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From the cosmos to whiteboard cloths

From the cosmos to whiteboard cloths From the cosmos to whiteboard cloths From the cosmos to whiteboard cloths


1. The work of Nathalie Brans, seen from one of the round windows on the first floor. In the background a work by Ruben Philipsen can be seen. Photo: Joey Roberts

2. Pulaski Skyway 2020 - Andries Hoogenraad

3.  'Waar je voeten staan, waar je gedachten gaan'. (Where your feet stand, where your thoughts go) - Titia Eggen 60x80 cm - photo on aluminium.

Exhibition by four UM receptionists

They paint, create installations, booklets, collages, photographs. But art in all different forms is not the only thing that Andries Hoogenraad, Nathalie Brans, Ruben Philipsen and Titia Eggen have in common. All four are also receptionists at Maastricht University. Their joint exhibition Teken aan de Wand (Sign on the Wall) can now be seen on the Minderbroedersberg 4-6.


The first thing visitors will see as they enter the administrative offices, is a canvas with four circles by Nathalie Brans that is hanging in front of the round window in an empty space (see photo). You can see the shadow of the window through the textile; as if the work was designed for this space. “I had it with me when we first came to look at the space,” says Brans, who works at the desk at Universiteitssingel 50. “That empty space is extremely beautiful and because we didn’t have much wall space available to us, I wanted to see if I could show my work in a different way.”

The circles are images of the sun, made with special chemicals. “If you soak textile in it and then allow it to dry, it reacts to sunlight. I like that, that the object also plays a role in the technique that I use.” Brans is fascinated by the cosmos. “It is all-embracing, infinite. And so is the inspiration that I get from it.”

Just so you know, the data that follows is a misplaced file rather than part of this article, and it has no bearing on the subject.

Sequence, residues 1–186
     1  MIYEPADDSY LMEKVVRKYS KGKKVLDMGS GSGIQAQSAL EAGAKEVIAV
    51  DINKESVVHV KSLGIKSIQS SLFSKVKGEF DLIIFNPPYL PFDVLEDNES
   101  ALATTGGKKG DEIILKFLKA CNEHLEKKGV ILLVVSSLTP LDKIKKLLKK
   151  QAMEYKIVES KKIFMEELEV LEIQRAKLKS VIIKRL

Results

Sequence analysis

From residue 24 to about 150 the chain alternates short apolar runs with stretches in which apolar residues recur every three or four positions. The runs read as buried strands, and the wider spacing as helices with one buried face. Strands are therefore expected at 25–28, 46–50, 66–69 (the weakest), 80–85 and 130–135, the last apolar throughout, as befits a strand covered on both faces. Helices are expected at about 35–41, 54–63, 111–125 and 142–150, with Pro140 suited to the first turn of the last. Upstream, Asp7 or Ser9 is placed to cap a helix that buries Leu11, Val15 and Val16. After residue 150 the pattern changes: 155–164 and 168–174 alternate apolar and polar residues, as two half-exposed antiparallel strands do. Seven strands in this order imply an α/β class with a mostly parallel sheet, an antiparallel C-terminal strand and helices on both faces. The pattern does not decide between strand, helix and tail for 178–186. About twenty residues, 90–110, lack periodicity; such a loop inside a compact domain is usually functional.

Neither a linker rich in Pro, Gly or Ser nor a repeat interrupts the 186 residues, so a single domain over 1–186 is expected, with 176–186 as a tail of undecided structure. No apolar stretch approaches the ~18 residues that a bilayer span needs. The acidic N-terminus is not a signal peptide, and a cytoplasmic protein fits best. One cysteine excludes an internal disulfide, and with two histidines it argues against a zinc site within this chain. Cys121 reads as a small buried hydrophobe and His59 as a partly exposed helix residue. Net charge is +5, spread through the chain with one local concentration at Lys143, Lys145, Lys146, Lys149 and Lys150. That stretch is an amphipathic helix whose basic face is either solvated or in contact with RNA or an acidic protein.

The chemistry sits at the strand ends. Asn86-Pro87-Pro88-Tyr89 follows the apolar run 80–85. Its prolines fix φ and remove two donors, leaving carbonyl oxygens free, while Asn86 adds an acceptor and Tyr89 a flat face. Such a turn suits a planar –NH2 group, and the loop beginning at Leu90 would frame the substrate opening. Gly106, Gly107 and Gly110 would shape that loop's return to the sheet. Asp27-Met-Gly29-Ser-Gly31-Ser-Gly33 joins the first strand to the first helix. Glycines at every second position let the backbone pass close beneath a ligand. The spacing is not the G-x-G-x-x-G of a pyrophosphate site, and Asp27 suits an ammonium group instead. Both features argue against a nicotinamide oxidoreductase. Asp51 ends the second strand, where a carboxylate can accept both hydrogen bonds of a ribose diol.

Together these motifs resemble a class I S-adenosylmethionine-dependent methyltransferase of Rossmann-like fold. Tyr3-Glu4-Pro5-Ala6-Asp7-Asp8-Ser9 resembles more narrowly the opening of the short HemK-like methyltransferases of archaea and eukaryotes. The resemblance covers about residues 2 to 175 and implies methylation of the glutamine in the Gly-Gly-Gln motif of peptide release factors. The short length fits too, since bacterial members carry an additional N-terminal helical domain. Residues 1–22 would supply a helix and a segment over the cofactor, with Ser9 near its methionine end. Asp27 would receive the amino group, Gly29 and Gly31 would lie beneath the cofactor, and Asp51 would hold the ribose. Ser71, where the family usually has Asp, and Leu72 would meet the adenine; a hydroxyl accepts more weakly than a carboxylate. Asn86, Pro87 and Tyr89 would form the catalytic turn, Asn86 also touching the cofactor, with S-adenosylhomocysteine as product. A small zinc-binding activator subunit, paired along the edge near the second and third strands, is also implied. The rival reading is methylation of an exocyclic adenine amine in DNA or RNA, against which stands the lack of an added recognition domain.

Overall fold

For Andries Hoogenraad, who works shifts in both Randwyck and at FASoS, inspiration comes in the form of a snapshot. That could be the first view cast on New York, from a Greyhound bus that left Washington hours earlier. But also that one week in which the American Gleditsia, which he sees on the way to his studio, have a fresh greeny-yellowish colour. “I take photographs and studies of that moment. Then it just lies around for a while. But eventually I will do something with it,” says Hoogenraad. Sometimes very intensively for weeks on end, sometimes with gaps of up to several years.

Hoogenraad sees similarities between his work and that of the other artists at the exhibition. It says ‘Where have I been’ on a tile in Titia Eggen’s installation. In her work, there are recurring themes such as ‘being on the road’ and ‘here at this moment’. Ruben Philipsen shows his vision on reality through photographs and by putting objects that he has found in a different light. An example is the collage of cloths that were used by people to clean whiteboards.

“It is all about the spirit of the place,” says Hoogenraad. “That one moment.”

The exhibition can be viewed indefinitely during office hours. You can see more work by the artists on their websites:



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